Difference between bacon and gammon
Bacon vs gammon:
It would be justified to say that the one thing that bacon and gammon have in common is the pig. They are both derived from pig. Bacon have always been a staple in every household since time immemorial and it was just recently that gammon came in to the scene and since then, bacon and gammon have always been constantly contrasted and pricked for similarities. However, bacon and gammon are two different foods which have their own characteristics, flavors and their own unique qualities because of which some people prefer the comfortably familiar taste of bacon while others prefer the equally satisfying flavor of the gammon.
Bacon is a staple in every household and a popular breakfast in many cultures, which is most often coupled with eggs, rice or bread. Bacon is the cured meat derived from pig which is prepared by first curing the pig meat with large quantities of salt, brine or dry packing which is then dried for weeks or months in cold air, boiled or smoked. Bacon is usually obtained from the side and back cuts of pork except in USA where it is almost always prepared from the pork belly. The word bacon is derived from the Old High German “bacho”, meaning “buttock”, “ham” or “side of bacon” which also coincides with the Old French word “bacon”. Bacon is usually fried to be eaten while it can also be smoked, grilled and boiled as well. Some common ingredients utilized in the making of bacon can be listed as sodium nitrite, sodium nitrate or potassium nitrate, sodium ascorbate or erythorbate which are added to accelerate curing and stabilize color during the curing process.
Gammon is derived from the front leg area of the pig which also provides ham. Gammon was recognized as a dish in 1486 and it has been revered as a delicacy ever since. Gammon is usually smoked and yet, according to the part of the pig that the gammon came from, the manner in which gammon is prepared varies greatly. For example, the middle gammon, which is also called the fillet gammon which is derived from the front part of the leg is usually cooked either by boiling or roasting. Slipper, knuckle end, and corner gammon are other parts of gammon which are also known as lean grilling rashers are usually roasted, ideally.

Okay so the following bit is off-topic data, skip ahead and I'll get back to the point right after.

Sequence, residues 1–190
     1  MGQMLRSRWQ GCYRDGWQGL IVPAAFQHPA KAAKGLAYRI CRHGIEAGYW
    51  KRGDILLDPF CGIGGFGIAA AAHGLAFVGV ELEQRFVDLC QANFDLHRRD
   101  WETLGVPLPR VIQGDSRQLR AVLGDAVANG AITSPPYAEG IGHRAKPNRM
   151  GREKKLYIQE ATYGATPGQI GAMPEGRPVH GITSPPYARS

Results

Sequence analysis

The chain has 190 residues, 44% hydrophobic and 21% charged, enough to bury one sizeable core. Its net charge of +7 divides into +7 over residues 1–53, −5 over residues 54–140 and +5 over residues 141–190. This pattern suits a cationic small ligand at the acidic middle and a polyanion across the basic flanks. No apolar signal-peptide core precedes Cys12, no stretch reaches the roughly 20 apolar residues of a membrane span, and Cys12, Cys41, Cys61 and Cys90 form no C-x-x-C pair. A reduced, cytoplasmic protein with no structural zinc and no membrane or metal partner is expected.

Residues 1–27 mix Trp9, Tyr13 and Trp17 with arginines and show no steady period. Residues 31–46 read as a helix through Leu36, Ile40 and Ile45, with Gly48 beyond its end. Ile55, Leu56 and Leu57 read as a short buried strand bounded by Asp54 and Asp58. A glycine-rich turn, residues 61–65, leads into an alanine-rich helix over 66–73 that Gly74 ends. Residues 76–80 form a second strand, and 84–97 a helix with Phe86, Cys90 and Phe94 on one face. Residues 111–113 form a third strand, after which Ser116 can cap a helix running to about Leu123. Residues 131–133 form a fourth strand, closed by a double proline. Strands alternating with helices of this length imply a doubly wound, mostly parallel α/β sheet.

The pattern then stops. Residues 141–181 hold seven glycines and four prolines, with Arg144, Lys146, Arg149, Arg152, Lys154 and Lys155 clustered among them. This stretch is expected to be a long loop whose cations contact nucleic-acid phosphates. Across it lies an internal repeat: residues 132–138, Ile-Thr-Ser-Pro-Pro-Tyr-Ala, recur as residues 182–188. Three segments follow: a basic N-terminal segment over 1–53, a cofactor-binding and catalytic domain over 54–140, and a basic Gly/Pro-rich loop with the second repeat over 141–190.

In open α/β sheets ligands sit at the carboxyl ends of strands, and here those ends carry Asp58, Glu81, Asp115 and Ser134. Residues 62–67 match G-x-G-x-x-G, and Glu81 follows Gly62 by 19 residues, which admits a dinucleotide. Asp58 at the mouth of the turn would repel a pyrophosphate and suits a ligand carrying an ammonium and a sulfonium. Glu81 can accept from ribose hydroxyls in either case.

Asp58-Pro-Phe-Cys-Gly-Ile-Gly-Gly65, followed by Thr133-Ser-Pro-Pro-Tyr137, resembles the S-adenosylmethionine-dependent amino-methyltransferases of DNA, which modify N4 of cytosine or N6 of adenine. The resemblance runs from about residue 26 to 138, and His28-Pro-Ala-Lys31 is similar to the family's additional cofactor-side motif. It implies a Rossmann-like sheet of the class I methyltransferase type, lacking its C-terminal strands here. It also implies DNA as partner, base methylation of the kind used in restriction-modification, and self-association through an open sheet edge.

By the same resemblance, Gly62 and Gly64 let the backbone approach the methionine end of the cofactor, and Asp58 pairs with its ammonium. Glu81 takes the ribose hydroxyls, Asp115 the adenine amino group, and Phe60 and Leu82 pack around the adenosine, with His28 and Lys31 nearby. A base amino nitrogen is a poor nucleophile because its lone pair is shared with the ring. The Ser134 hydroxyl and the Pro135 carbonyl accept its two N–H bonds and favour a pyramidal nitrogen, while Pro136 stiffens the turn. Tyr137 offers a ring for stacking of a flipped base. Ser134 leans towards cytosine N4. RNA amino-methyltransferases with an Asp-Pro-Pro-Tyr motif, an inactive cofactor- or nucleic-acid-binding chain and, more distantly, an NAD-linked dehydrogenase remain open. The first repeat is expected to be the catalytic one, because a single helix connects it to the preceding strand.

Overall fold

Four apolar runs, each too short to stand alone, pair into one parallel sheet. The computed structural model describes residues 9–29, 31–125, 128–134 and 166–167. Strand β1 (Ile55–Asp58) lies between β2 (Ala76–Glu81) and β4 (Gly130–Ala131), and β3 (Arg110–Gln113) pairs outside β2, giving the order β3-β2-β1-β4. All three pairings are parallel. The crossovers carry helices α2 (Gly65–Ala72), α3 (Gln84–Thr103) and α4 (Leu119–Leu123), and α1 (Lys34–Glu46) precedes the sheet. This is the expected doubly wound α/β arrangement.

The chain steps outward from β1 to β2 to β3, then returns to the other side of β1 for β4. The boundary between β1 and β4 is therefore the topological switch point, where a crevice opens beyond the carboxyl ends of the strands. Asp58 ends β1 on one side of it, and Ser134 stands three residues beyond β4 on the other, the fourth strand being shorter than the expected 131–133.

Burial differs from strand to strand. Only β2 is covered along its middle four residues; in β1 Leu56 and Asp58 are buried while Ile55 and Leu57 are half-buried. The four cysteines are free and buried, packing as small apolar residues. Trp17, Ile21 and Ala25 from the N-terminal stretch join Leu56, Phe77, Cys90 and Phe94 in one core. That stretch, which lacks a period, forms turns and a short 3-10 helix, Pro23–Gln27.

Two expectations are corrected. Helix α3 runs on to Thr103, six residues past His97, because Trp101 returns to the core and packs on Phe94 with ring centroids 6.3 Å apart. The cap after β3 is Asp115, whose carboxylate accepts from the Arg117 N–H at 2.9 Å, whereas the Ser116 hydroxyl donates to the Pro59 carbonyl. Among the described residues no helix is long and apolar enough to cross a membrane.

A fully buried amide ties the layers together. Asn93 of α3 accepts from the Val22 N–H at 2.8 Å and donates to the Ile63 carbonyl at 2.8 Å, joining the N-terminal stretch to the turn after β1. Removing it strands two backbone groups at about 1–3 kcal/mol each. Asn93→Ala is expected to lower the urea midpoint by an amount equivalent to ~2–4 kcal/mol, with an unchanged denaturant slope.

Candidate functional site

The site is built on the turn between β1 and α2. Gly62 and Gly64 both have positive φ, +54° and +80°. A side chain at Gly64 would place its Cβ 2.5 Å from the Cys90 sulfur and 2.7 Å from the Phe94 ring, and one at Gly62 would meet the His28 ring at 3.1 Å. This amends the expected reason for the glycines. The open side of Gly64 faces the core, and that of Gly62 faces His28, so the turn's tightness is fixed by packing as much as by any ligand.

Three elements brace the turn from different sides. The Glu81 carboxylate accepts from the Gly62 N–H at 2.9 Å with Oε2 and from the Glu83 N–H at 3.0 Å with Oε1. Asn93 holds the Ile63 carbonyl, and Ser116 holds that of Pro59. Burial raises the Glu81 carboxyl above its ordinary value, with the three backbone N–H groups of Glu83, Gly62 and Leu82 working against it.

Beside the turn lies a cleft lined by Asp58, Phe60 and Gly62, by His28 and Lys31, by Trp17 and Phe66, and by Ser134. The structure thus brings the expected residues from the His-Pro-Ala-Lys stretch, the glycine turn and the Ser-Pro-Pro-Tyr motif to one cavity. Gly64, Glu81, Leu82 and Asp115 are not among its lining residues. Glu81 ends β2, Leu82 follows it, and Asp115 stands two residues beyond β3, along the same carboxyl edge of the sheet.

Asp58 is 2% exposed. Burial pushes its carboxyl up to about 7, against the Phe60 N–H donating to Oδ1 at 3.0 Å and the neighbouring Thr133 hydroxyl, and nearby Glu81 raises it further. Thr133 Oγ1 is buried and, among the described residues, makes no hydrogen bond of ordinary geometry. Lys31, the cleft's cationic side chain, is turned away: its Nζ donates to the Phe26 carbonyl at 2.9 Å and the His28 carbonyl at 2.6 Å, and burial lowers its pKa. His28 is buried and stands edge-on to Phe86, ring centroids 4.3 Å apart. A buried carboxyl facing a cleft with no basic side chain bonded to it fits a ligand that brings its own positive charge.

What is the difference between gammon and bacon?
While both bacon and gammon hold high points for flavor and richness, the difference between these two highly preferred dishes has long since confused many. The reason may be the fact that both these food items are derived from the pig. Both gammon and bacon can be either dry cured or wet cured and both can be smoked as well. During dry curing, salt and sugar are readily used whereas wet curing involves copious amounts of brine. Whatever said and done, the two products should be prepared in a way that no odor or dampness should be experienced in the meat. However, the difference between gammon and bacon can be felt very clearly first and foremost in their texture. Gammon is much thicker in texture than bacon which is a sure way of telling them apart. Gammon is also much more expensive than bacon which is readily used in almost every household across the globe. Also, bacon was the first to be introduced when it was brought in to the world in 1330 by the Teutons and Dutch. Gammon was introduced much later in the year 1486 which makes it a bit of a latecomer when compared to bacon.